In fact, the Sunni position would be substantiated if the Prophet ﷺ had said: “What do you have to say about a man who loves Allah and his apostle, and Allah and his apostle love him?”

« Last Edit: November 23, 2017, 10:28:56 PM by whoaretheshia »
DISCLAIMER: I AM AWAY UNTIL THE START OF THE NEW YEAR, PM ME IF I OWE YOU A REPLY, MAY ALLAH HAVE MERCY ON ALL OF US, FI AMANILLAH
" O you who have believed, be persistently standing firm in justice.. even if it be against yourselves... So follow not [personal] inclination, lest you not be jus

whoaretheshia

Re: GhadirKhumm.com - First Sunni website solely about Ghadir Khumm
« Reply #39 on: November 23, 2017, 10:34:49 PM »
4- You claim the Prophet (saw) wasn't wise to not address the entire army right away, I say you're not wise for claiming a Prophet of God isn't wise. He did address those who spoke to him directly and then went the extra mile at Ghadir. No harm done and the world doesn't revolve around `Ali and his sensitive feelings.

Brother you have taken my words wholly out of context. I did not claim the Prophet ﷺ was not wise. It claimed that it would not be wise for the Prophet to have seen thirty, fourty, let us say even a hundred men complaining about Ali, ignore their concerns, address one or two, and wait for two weeks before referring to it again. Rational sense dictates he would have addressed it to settle the matter, and so the minds of the people can focus on the Hajj. And we have demonstrated he addressed individuals, and then a group, and thus closed any room for doubt.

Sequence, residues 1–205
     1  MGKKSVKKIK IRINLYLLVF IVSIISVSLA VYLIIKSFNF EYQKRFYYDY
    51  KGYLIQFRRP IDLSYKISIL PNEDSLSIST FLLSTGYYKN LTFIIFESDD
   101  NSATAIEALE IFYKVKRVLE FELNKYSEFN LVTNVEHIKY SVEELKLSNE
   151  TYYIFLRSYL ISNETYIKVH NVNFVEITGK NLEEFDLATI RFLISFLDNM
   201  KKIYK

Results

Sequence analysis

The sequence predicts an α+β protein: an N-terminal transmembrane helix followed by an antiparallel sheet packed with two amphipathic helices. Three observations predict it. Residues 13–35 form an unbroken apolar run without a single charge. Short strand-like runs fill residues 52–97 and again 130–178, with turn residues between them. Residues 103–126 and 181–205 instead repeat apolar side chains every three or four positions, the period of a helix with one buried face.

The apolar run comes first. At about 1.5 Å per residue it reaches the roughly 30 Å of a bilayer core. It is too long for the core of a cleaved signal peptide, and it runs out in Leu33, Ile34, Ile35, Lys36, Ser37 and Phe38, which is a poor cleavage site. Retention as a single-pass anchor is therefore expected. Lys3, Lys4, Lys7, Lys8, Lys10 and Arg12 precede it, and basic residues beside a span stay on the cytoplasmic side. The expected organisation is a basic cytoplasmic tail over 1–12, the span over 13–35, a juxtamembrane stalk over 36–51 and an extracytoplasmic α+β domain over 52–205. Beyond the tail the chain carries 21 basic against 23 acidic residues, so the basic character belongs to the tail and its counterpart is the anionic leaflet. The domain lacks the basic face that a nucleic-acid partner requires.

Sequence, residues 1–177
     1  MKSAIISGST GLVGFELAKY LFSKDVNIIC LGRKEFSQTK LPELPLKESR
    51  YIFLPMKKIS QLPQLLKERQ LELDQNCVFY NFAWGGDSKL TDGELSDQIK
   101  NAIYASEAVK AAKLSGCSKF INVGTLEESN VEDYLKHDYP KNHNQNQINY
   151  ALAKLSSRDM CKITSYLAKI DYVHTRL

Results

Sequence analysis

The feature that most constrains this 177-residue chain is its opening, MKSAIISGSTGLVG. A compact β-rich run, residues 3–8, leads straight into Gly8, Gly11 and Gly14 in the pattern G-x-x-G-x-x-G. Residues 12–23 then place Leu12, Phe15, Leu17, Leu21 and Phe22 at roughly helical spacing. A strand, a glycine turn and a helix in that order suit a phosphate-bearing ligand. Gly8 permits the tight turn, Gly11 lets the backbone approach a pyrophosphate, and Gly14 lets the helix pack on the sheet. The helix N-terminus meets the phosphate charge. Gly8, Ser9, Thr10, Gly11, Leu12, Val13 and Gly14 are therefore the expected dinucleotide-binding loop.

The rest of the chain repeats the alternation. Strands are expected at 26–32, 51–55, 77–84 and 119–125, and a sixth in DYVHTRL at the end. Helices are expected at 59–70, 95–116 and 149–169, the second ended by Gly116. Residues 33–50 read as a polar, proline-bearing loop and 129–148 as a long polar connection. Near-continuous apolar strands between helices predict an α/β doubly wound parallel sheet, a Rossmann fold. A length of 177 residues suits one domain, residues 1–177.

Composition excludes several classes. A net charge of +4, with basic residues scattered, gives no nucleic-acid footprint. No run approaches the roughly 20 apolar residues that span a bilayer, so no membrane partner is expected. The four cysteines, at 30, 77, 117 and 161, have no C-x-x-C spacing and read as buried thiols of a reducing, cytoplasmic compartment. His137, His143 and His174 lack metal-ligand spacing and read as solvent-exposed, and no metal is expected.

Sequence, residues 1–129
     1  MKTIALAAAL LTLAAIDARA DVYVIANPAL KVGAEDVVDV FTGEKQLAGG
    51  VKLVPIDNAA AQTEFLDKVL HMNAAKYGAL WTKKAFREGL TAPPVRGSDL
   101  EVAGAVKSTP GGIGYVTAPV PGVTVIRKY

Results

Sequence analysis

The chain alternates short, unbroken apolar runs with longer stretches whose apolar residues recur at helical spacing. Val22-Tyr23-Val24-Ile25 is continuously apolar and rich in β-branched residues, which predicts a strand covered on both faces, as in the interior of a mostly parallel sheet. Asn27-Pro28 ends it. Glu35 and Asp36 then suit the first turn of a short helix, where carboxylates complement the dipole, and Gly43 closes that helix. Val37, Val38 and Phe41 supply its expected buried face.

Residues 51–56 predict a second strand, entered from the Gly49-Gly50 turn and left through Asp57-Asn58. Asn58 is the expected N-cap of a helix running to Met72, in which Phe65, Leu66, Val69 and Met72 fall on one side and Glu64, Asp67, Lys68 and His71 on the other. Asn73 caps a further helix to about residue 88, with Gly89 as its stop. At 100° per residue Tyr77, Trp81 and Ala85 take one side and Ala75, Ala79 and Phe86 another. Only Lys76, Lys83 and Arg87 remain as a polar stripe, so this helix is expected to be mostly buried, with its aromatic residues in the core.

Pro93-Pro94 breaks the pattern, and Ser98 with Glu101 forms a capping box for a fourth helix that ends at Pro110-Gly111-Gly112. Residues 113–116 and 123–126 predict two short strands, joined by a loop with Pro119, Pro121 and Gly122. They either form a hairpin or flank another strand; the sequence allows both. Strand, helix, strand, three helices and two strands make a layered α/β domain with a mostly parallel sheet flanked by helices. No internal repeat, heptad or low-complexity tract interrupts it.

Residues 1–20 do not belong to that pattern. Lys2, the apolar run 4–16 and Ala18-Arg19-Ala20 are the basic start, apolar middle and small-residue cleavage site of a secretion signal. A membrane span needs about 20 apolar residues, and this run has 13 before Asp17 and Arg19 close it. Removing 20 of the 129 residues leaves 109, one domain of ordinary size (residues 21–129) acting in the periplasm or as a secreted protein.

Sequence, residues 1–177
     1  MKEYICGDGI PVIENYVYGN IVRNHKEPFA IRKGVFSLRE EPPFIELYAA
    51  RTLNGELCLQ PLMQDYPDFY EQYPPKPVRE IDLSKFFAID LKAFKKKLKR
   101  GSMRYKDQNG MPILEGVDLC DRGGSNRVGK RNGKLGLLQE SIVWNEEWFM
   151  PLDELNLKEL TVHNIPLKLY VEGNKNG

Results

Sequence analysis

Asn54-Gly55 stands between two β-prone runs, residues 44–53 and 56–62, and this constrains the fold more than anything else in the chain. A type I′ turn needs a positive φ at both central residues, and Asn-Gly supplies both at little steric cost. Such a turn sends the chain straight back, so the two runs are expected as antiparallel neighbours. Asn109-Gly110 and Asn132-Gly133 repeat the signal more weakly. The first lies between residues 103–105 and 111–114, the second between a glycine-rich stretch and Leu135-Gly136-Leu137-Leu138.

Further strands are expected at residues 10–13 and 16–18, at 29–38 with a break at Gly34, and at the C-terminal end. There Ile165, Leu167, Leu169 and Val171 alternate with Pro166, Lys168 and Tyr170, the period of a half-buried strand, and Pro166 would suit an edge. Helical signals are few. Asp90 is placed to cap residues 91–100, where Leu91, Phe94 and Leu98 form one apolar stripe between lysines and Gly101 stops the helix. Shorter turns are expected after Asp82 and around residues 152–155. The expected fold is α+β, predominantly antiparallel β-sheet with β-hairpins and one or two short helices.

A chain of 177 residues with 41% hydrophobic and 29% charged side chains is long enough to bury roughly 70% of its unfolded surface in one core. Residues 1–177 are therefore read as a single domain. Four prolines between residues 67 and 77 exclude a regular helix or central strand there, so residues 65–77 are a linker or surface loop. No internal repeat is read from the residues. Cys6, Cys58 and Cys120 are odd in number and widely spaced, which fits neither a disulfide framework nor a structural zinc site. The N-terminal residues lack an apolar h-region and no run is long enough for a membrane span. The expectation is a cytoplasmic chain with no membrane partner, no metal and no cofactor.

As for ‘Ali and his sensitive feelings’ this is a man who never allowed his anger to get in the way of his decision making , or his fear to ever overwhelm him. This is a man who was spat at by Amr at the battle of Khandaq, and instead of finishing him, decided to walk away, calm down, so he could return to kill him only when he knew it was not out of his ‘feelings’ but for the sake of Allah. We also find in another tradition the Prophet ﷺ was incensed and furious at those who made these claims about Ali supporting the argument [which already had a clear textual basis] that he found it pertinent to deal with the matter immediately, rather than two weeks later.

“The Prophet (ﷺ) dispatched two armies and put ‘Ali bin Abi Talib in charge of one of them, and Khalid bin Al-Walid in charge of the other. He said: “When there is fighting, then (the leader is) ‘Ali.” He said: “So ‘Ali conquered a fortress and took a slave girl. So Khalid sent me with a letter to the Prophet (ﷺ) complaining about him. So I came to the Prophet (ﷺ) and he read the letter and his color changed, then he said: ‘What is your view concerning one who loves Allah and His Messenger, and Allah and His Messenger love him.'” He said: “I said: ‘I seek refuge in Allah from the wrath of Allah and the anger of His Messenger, and I am but a Messenger.’ So he became silent.” [Tirmidhi, and yes i know there is a weakness the chain]